The Purpose Behind the “Exhortation”

exhort | iɡˈzôrt, eɡˈzôrt |
verb (with object and infinitive): strongly encourage or urge (someone) to do something: (with direct speech) : “Come on, you guys,” exhorted Linda the media have been exhorting people to turn out for the demonstration.
Recently we began experimenting with an “exhortation” in our worship services. The elders have decided to stick with it, in a more brief form, after the elder prayer. I’m writing to give you the background behind this.

I map out the preaching calendar plenty far in advance. This is because I believe the Spirit can work just as much at the planning desk as in the preaching pulpit. So in the Spirit, we try to plan well. Now, sometimes I am able to connect that Sunday’s passage – sometimes chosen far in advance – with what is happening in the present-tense life of the congregation. But sometimes it’s not possible without shoe-horning that exhortation into the sermon unnaturally. And that does violence to the point of preaching – that is, to accurately bring out the original author’s intent, by the Spirit, with a precise application to today.

But I’m not the only one who is charged with shepherding God’s flock with the shepherd’s staff of God’s Word. Our Great Shepherd charges the other elders with that task, too (1 Peter 5:1-4). Thus the “exhortation” gives us a chance to do just that, each week, in “real-time” with what’s happening in the congregation. 

A couple examples will help illustrate. Say that a handful of folks have had friends from high school pass away recently. The elder, remembering this, might exhort everyone to remember Psalm 56:
Psalm 56:6 You have kept count of my tossings; 
put my tears in your bottle.
Are they not in your book?
So he might go on to exhort us, when we grieve, to grieve to the Lord, in the shadow of the resurrection, knowing that
Psalm 56:9 This I know, that God is for me.
10 In God, whose word I praise,
in the LORD, whose word I praise,
11 in God I trust; I shall not be afraid. What can man do to me?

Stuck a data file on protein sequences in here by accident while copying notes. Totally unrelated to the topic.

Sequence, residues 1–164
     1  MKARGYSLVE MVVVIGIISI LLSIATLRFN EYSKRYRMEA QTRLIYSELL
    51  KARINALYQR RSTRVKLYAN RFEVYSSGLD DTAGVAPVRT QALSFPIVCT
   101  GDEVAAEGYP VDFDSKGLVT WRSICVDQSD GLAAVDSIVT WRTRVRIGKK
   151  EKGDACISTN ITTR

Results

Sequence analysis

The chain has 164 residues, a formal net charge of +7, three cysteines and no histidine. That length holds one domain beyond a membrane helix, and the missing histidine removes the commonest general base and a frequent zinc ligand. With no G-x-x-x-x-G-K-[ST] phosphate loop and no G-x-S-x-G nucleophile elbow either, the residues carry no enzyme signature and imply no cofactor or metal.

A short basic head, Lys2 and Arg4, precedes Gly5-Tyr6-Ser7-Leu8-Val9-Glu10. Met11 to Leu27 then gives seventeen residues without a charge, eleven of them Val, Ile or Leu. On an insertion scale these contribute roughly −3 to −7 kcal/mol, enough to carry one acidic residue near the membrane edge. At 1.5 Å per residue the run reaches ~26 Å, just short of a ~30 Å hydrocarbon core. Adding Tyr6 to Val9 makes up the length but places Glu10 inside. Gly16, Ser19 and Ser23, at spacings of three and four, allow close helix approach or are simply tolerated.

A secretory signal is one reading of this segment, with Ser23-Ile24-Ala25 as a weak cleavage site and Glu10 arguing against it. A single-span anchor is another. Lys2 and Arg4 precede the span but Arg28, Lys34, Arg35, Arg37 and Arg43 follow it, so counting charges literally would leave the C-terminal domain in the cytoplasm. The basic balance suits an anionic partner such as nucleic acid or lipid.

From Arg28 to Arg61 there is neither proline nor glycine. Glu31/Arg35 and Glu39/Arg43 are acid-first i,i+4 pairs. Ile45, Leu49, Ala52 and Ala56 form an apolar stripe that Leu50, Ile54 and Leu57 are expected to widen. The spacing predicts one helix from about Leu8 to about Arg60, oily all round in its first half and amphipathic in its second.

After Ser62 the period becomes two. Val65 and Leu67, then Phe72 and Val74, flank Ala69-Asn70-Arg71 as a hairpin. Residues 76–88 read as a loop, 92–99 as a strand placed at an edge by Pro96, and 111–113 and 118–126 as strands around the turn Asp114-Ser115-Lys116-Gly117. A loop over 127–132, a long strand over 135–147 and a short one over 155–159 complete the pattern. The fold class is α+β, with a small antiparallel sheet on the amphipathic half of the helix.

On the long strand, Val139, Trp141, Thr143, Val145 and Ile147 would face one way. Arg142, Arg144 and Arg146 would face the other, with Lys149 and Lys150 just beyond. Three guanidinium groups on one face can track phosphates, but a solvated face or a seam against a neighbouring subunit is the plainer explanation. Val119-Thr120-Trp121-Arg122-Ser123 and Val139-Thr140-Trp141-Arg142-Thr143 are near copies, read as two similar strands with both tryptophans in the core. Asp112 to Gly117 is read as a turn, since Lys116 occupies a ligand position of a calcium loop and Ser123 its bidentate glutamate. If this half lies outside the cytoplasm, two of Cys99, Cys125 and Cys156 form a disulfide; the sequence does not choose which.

Or, if everyone in church is getting chippy with each other (we’re a hospital for sinners, after all), the elder might notice this and simply exhort us,
Ephesians 4:32 Be kind to one another, tenderhearted, forgiving one another, as God in Christ forgave you.
The bottom line: we are commanded by Christ to
Hebrews 3:13 . . . exhort one another every day, as long as it is called
“today,” that none of you may be hardened by the deceitfulness of sin.
Thus the “exhortation” in church is meant not only to edify us but also to be a springboard to further exhortations, one to another, throughout the week. “It’s like the elder said this week . . .” Yet the point of those exhortations is not to police one another, but to encourage one another to persevere, with joyful confidence in Christ:
Hebrews 3:14 For we have come to share in Christ, if indeed we hold our original confidence firm to the end.
One more thing. As you spend your own time in the Word, there may be times when you sense that a bit from the Word is not just for you, but for others in our church, too. Don’t let that “sense” go fallow – humbly let an elder know about it. It may just be that the Spirit is working in that moment, in the quietness of your morning devotions, to communicate something to the rest of us, through your prayerful reflections. We are all dependent on another that way, by God’s design. 

Cordially in Christ,